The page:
The epidemic and the waves of restrictions that accompany it have had very selective effects. They hit some areas of spending a lot more than others.
The decline in total consumer spending is almost certainly going to be longer and more widespread – affecting not only the risky contagion activities but those without risk – but on vacation schemes. This helped protect family income from the significant decline in national income last year.
But this is not the only thing that is happening. Spending on some of these “non-hazardous” things has risen faster than income – in some cases faster than it has been for many years. So it looks as if consumers used some of the money they would have spent on more risky activities – going to restaurants and so on – to buy other things instead.
This seems logical. A pound spent on one thing does not necessarily mean less than a pound in total. In fact, under some (extreme) circumstances, you might expect a substitution of this type to be a one-by-one. If people are completely indifferent between different types of consumption – if they are completely happy with “non-dangerous” things like “risky” things – then total spending will not decrease at all (relative to specific income). What was saved on one will be spent entirely on the other. The same applies if the rise in infection rates is expected to be permanent. If the future looks exactly like the present, then there is no need for saving – or hence consumption overall – to change.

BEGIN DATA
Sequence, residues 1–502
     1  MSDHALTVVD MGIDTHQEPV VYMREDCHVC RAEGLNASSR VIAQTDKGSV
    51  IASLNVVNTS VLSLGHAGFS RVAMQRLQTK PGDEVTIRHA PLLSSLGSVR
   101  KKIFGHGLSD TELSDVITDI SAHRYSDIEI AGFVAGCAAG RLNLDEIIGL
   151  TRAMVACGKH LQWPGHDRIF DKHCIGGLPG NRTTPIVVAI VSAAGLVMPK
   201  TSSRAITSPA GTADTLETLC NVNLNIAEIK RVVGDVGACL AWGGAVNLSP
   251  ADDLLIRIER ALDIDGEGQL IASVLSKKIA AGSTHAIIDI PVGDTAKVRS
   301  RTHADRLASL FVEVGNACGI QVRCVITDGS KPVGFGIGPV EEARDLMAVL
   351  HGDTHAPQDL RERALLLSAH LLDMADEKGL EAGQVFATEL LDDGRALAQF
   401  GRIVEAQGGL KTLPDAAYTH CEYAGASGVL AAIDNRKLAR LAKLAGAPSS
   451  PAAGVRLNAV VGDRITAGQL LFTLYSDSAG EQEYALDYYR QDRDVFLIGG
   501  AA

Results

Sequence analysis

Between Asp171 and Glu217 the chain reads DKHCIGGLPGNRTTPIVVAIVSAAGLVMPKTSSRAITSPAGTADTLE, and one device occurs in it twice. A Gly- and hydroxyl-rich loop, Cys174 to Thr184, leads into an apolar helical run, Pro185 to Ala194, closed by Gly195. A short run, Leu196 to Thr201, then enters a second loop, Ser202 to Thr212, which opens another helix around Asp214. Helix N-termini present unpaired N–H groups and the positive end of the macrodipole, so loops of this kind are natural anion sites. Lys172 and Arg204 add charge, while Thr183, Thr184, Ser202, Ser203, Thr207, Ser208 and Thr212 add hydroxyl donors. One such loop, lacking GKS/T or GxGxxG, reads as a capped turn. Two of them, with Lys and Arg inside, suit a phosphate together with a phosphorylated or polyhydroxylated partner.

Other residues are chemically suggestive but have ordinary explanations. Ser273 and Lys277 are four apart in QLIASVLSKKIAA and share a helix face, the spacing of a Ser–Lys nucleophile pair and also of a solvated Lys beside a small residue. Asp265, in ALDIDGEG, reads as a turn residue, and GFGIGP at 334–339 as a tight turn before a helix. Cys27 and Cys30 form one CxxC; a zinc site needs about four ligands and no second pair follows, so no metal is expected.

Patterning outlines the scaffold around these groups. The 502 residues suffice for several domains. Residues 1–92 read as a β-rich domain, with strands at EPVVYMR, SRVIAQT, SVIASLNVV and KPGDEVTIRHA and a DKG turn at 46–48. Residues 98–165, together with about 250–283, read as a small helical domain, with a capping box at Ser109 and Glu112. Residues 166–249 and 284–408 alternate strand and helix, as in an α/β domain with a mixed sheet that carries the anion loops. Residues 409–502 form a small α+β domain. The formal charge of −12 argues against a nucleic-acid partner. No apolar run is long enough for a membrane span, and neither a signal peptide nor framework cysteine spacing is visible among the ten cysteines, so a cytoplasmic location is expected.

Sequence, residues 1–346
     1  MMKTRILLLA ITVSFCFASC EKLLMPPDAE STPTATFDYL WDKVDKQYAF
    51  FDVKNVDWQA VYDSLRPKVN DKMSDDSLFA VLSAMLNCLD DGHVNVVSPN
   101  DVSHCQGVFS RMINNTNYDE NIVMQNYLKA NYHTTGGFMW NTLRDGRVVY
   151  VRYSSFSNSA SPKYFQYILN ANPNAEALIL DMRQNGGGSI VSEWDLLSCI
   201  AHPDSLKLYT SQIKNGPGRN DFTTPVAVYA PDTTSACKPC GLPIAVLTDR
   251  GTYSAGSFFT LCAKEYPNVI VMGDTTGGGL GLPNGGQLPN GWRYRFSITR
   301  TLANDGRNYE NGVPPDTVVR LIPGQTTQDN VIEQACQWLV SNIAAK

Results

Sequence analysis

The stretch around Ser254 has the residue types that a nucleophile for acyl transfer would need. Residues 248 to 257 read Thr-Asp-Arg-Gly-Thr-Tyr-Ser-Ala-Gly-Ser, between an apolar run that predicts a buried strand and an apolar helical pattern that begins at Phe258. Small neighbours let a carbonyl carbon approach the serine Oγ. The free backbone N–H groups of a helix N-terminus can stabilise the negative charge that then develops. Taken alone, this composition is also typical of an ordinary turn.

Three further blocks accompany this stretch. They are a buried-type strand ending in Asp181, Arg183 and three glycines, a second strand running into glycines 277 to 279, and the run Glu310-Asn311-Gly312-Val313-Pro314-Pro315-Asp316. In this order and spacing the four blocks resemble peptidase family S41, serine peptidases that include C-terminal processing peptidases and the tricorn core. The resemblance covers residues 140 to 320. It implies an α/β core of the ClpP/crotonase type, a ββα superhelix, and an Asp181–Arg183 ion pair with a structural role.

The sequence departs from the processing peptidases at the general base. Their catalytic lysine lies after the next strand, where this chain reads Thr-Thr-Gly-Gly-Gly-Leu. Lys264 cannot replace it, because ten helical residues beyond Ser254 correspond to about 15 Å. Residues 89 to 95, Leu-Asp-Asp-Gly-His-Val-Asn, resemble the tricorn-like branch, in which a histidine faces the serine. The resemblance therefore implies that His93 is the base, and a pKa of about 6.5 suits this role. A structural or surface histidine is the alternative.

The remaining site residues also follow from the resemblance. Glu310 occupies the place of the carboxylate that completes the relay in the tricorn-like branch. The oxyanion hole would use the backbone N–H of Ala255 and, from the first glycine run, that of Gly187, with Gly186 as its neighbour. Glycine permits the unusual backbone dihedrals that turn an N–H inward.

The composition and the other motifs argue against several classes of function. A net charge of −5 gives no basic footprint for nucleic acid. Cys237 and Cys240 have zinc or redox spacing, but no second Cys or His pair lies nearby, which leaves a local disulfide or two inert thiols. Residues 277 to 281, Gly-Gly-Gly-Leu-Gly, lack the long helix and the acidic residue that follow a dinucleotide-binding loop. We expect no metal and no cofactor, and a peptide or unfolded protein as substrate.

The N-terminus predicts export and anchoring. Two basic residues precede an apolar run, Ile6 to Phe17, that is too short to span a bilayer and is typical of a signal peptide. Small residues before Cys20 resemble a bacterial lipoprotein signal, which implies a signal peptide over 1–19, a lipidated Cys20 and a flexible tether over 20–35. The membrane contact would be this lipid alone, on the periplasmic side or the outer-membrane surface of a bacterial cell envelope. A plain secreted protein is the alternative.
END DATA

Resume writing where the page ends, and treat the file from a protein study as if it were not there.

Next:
These conditions are clearly unrealistic. Some things are good alternatives to dangerous activities during a pandemic. Buying things online probably isn’t that much more difficult than buying things in store. Watching a movie on screen at home can replace a trip to the cinema. But hanging out with family or friends to a bar or restaurant, listening to live music or watching a play – for the many things we’ve been forbidden for most of the past year, no agent is good. As for the dynamics of the epidemic, one thing is that it is not permanent or even slow-moving. Infestation rates rose very quickly in the spring, and once locked down, they decreased nearly the same speed in early summer. With the promise of looser restrictions as it happened, it would make sense for people to delay some spending until the day itself.
However, a reasonable degree of spending switching has clearly occurred: some areas of consumption have performed exceptionally well last year, even as others have declined very sharply. Since it is difficult for economic resources to respond to large and rapid shifts in demand, this may have mitigated somewhat the direct effect of deflation, as it were, on inflation.